Relevance in church gatherings is sometimes overrated — at least, relevance as commonly understood.
Various aspects of church and church gatherings could be discussed in terms of whether or not they manifest relevance. Since I am a professional musician and a longtime (read: since I was 10 or 12) careful observer of church music habits, successes, and pitfalls, I’m opting for music as the specific subject area here, in this next-in-series post on being “real” and relevant. (Please read the last two posts for background thinking.)
Is it possible that style in music is too important when people are trying to be relevant? I mean, when churches that want to be “real” and “seeker-sensitive” get their heads together to decide what music is going to sound like in their gatherings, don’t they think about style before anything else? On the surface, this seems a good line of thinking — I mean, skinny jeans and contemporary decor def give u good style points (as does my texter spelling there), don’t they, and that goes a long way toward hooking a seeker.¹ I don’t discount that style is important. I just think it’s not the only thing. In considering church music within the context of being “real” and “seeker-sensitive,” it is important to distinguish between style and content.
But first: a matter of the harp. (By that I mean something I harp on every now & then! See here and here for more logistical considerations and background. These prior posts are both about the same length; one is more “brass tacks,” and the other is more “from the heart.” Or, just stay with me here!) The next section constitutes a rather substantive “aside” that I hope will not be ignored.
Whether the songs are familiar, somewhat familiar, or unfamiliar, more people can sing if there is music notation. When there is no notation available, you’d better provide a lot of background texture of some sort. Otherwise, unfamiliar music is especially uncomfortable and/or leaves out the uninitiated (seekers or otherwise). Now, make no mistake: at The Journey in Newark, Delaware, there was a lot of background texture! In fact, the last time we were there, we were treated to a kind of head-banging performance version of “Carol of the Bells,” with three rockers front-and-center before things got really going. 🙂 For those with sensitive ears like me, earplugs are in order, but it’s “real’ to assume that most seekers out there already have hearing damage from their earbuds and subwoofers, and they’ll probably connect with over-loud music.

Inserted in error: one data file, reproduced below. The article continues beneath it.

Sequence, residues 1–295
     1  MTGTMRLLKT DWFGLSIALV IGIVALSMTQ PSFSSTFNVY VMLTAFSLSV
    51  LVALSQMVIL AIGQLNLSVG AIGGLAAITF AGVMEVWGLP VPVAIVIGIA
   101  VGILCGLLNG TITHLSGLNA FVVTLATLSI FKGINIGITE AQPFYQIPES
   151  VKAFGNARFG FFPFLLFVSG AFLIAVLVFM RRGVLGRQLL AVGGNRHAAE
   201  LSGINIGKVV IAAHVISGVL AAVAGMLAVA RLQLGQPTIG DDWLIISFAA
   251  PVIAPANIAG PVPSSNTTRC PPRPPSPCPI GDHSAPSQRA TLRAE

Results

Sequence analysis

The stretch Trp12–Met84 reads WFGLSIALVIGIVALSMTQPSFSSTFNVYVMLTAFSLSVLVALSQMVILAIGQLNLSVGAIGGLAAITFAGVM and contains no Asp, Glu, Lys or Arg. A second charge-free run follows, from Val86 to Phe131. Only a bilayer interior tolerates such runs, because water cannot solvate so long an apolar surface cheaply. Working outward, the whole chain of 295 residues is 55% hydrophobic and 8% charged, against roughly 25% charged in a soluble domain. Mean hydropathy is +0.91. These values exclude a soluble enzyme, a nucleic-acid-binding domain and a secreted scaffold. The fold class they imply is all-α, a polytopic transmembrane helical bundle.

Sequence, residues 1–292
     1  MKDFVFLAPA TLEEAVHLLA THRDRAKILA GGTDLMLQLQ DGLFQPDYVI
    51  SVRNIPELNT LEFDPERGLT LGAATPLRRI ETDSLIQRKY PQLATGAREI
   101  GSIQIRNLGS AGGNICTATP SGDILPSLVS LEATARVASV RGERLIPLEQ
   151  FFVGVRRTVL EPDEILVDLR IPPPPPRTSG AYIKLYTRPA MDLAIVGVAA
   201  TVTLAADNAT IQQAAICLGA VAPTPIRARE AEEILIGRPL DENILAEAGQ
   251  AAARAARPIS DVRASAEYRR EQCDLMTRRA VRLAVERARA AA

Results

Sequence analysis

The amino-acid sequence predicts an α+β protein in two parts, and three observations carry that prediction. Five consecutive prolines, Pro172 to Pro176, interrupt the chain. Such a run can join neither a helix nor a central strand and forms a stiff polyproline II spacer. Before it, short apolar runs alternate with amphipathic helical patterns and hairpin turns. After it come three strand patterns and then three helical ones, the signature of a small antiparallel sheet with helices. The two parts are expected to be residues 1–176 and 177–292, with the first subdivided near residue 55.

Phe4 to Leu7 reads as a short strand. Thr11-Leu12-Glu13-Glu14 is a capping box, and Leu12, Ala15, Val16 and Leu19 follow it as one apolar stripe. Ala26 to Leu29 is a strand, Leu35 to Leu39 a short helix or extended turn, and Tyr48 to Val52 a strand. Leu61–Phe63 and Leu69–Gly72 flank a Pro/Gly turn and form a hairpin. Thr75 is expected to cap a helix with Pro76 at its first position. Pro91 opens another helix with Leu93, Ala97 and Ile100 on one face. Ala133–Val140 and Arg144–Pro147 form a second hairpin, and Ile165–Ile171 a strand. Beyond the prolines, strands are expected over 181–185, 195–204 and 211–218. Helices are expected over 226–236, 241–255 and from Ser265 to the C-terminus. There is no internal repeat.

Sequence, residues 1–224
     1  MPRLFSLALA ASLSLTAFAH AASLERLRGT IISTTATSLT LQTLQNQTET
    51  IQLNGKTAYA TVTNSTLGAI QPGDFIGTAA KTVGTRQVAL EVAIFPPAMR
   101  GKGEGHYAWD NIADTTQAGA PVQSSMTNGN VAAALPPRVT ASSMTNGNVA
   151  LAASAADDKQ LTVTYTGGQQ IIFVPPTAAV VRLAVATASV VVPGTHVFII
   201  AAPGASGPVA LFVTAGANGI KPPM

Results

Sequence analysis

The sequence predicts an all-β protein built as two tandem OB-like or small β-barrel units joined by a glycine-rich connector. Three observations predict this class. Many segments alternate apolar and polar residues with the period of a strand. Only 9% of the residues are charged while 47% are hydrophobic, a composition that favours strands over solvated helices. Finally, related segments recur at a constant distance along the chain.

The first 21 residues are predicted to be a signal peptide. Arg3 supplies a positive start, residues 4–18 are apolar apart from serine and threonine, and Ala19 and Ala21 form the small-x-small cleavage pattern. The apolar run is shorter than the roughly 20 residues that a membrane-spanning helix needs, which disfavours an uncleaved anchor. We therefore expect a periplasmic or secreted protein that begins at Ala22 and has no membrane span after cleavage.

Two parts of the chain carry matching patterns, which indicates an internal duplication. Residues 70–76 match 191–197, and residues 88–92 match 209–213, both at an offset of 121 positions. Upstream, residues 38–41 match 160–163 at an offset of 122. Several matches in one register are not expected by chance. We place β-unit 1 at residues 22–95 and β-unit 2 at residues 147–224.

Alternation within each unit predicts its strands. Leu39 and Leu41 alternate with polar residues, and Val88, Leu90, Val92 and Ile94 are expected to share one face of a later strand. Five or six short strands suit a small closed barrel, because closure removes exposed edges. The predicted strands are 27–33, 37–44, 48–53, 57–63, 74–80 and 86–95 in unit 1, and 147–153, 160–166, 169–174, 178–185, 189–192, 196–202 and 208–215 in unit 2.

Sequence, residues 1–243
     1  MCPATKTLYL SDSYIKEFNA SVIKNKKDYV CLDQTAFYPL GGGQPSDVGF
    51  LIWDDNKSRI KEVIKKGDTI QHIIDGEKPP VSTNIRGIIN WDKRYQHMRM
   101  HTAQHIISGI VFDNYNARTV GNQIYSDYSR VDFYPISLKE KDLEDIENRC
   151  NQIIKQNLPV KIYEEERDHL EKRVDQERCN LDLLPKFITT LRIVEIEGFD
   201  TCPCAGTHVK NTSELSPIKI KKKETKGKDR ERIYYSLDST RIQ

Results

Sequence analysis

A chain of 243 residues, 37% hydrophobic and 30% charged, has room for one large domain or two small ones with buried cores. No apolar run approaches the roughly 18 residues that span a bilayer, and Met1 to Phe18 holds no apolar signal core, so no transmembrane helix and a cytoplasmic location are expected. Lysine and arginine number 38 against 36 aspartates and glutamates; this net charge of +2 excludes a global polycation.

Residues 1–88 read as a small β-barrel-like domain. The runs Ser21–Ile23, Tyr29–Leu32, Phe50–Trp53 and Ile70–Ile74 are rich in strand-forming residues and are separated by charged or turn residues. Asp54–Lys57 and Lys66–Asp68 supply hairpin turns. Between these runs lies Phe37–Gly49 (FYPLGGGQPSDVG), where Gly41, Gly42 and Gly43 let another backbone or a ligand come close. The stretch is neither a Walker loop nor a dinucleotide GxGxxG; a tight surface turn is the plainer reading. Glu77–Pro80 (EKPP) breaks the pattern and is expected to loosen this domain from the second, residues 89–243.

There will probably always be something in me that feels deflated when I’m sitting in yet another church gathering in which someone has taken the lazy path by just projecting the words. Words-only (or simply singing from memory) can work for a few songs that are “favorites,” and I do think it’s OK to “leave out” a visitor in some activities, since the church gathering is for the church, not the unknown and often indescribable visitor.
But, if words-only is all a church ever does, it’s ill-advised, careless, and really, downright inexcusable. We ought to realize that we are a more advanced society than ever, and there is simply no reason — technologically, societally, or sub-culturally — to assume we are all dumber than people were in the 1700s and 1800s and 1900s. They all had notated music, and we would do better if we did, too. It is not “musically elitist” to display music along with words. As a rule, projecting the music allows more people to sing more confidently, whether they realize it or not. The technological tools we have available (CCLI‘s SongSelect and The Paperless Hymnal, for example) make this quite easy, and not really much more time-consuming than displaying lyrics only on PowerPoint slides. I am not, therefore, advocating that all churches need hymnals. (Hymnals still have their place, and some of you middle-aged folks might be surprised at the broad range of stylistic preferences of hordes of twenty-somethings, but that’s beside the current point.) I am saying that contemporary, seeker-sensitive churches have just as much reason to display (at least) the melody lines on their screens as the more traditional churches have either to project four-part harmony or to continue to provide hymnals in the pew racks. Pretty much EVERY literate person benefits (some, only subliminally) from seeing the musical notations.